Nintendo announced the surprise Bluetooth audio support arrived on the Switch via a software update. The ability to use Bluetooth headphones to listen to in-game audio is a feature that has been clearly missing since the console’s launch in 2017, so it’s great to finally have it – although there are a few limitations.
According to a Nintendo Support article, you’ll be limited to using two wireless controllers if you’ve connected a Bluetooth headset. The system won’t support Bluetooth microphones either, which isn’t necessarily surprising given that Nintendo’s own voice chat system relies on an app running on your phone. Still, it’s a bummer for people who play games with their own built-in voice chat capabilities.
People went to great lengths to get wireless audio on their Switch (we even said it would be a great selling point for a Switch Pro): There have been accessories that have acted as adapters. Bluetooth audio, and some headsets like the SteelSeries Arctis 1 Wireless come with a dongle that takes advantage of the Switch’s support for USB wireless headphones.
Having built-in Bluetooth audio is therefore a big deal, especially since Nintendo’s Pro controller, unlike many others, doesn’t include a headphone jack (although it’s worth noting that the PS5 and Xbox Series do not natively support Bluetooth audio). Even with the aforementioned limitations, the feature seems to be well supported: Nintendo says the Switch can register up to 10 connected devices, and says it should work with both the standard Switch and the Switch Lite.
My colleague Jay Peters was able to connect his AirPods Pro to his Switch base and to a Switch Lite without too many problems. In the settings menu, there is a section for “Bluetooth Audio”, and you can pair your headphones from there by following the instructions.
Jay’s AirPods Pro performed well in a few rounds of WarioWare: Gather, without noticeable delay – something that is particularly important for by WarioWare fast and nervous micro-games. While using his Basic Switch, Jay also reports that after a cold boot, his AirPods Pro paired almost instantly after selecting them again in the settings menu.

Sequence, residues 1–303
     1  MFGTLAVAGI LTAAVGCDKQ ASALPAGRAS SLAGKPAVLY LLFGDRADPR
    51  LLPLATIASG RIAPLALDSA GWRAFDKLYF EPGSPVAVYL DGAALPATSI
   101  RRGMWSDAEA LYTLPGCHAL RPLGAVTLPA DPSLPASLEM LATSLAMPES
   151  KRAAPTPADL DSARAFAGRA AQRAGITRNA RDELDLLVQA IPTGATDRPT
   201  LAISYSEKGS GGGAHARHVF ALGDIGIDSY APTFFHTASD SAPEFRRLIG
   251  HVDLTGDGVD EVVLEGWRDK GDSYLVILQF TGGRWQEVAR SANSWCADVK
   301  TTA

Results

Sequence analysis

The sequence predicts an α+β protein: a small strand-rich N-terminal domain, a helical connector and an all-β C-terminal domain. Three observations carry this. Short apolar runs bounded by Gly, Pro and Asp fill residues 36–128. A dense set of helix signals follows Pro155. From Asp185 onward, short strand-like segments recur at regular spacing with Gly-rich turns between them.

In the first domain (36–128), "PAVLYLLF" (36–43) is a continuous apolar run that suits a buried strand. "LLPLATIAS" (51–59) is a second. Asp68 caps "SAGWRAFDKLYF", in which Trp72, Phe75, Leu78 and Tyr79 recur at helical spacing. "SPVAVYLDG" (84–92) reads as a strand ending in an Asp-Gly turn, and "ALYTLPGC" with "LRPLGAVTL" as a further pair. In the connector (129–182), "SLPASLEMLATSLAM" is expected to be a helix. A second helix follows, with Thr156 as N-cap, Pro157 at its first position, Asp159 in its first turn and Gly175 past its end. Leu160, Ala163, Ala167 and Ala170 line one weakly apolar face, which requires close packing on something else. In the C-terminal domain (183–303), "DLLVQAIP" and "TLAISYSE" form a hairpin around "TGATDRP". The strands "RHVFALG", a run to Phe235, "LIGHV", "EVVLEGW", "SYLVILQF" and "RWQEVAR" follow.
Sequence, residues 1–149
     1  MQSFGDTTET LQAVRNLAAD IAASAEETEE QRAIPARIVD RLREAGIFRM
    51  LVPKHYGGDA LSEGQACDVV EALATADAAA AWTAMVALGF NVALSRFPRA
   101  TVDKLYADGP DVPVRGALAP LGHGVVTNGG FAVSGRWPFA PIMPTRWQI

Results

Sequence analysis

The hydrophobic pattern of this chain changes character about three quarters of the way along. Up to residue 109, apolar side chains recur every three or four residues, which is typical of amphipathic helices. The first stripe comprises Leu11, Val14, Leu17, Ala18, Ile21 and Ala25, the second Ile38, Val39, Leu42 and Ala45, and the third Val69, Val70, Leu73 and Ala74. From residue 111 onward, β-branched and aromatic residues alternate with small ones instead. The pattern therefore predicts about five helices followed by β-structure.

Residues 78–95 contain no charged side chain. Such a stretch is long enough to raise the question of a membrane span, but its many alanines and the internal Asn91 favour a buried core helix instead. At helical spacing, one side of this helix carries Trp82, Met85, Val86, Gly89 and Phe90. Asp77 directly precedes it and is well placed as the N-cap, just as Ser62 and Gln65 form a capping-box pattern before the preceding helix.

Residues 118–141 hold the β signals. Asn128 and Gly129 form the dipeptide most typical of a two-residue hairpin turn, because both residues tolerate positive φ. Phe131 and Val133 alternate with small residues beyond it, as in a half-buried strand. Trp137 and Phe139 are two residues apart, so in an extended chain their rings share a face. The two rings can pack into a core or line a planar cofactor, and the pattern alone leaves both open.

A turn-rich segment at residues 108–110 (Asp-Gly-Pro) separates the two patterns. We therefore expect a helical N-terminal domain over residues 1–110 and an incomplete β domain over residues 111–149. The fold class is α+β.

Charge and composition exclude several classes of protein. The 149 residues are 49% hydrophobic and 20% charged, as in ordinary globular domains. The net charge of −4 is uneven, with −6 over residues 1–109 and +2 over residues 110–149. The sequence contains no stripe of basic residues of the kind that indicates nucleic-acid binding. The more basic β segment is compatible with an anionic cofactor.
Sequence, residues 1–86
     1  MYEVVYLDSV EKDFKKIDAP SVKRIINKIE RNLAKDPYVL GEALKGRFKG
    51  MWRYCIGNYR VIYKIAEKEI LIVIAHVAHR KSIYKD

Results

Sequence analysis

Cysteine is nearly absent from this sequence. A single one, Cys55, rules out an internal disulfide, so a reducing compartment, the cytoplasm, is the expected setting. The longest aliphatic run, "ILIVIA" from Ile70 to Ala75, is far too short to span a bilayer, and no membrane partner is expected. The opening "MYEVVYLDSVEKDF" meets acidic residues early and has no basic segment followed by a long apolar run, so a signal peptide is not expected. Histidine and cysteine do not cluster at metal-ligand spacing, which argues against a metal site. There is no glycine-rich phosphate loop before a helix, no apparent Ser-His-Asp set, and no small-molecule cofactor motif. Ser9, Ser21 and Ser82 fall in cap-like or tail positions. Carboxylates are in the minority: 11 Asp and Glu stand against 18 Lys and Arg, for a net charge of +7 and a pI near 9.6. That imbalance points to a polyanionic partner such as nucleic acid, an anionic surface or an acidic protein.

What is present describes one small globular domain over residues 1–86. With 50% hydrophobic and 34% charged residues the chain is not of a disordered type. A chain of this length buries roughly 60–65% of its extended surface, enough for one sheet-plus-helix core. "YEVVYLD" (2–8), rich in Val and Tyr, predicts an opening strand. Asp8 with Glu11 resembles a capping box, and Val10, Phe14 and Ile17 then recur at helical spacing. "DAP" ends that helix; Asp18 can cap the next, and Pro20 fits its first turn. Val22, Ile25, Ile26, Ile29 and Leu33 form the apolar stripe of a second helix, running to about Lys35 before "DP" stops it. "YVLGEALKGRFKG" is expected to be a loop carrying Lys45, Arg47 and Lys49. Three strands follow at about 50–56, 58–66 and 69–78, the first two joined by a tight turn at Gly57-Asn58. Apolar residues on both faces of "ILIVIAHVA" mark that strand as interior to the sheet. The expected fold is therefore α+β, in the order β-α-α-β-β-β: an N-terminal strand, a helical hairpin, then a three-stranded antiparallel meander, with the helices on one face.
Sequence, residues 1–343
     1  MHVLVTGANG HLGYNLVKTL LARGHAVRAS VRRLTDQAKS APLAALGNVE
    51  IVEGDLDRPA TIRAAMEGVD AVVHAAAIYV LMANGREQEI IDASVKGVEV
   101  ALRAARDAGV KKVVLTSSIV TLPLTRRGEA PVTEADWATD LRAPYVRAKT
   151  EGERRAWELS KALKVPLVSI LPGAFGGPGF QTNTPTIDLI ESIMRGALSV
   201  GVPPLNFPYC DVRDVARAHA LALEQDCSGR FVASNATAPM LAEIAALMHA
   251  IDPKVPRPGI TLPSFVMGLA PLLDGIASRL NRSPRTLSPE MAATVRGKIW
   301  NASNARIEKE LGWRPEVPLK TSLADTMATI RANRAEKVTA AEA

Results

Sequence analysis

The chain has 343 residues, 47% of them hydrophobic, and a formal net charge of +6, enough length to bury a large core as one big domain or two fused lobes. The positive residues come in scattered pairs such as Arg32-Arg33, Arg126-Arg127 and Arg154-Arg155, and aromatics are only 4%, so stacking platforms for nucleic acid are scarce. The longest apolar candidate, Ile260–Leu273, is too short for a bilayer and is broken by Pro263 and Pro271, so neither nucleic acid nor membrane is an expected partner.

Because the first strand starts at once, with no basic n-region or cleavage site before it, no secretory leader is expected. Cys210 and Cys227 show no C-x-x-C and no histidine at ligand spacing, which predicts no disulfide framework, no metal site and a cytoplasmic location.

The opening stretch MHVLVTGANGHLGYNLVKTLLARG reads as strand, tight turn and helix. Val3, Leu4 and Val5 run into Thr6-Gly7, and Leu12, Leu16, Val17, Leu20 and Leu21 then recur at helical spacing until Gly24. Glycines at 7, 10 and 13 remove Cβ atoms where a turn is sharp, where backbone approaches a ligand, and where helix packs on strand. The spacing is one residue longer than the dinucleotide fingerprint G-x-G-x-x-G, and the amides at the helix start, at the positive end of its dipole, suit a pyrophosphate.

However, Sean Hollister’s second-gen Switch (not a Lite) struggled to find and connect to any Bluetooth device. He got an Arctis Pro Wireless to connect after rebooting the Switch three times, but most attempts were unsuccessful, including with a set of first-gen Amazon Echo Buds and Wyze Buds Pro, a Bluetooth adapter for the Bose QC25 and LG TV. . While some of them sometimes appear available for pairing, the gaming system will spit out a “Cannot find Bluetooth audio devices” message even after repeated attempts.
According to the changelog, the update also adds some features to make wired internet more useful. The Switch will be able to stay connected to the internet even in sleep mode if it’s wired, apparently through an adapter or the built-in LAN port on the upcoming Nintendo Switch OLED docking station. Nintendo says it will help the console download content while it’s asleep, and the feature will be on by default. Oh, and you may also need to perform firmware updates for the docking station with the built-in LAN port. I wouldn’t expect these to be as exciting as this update.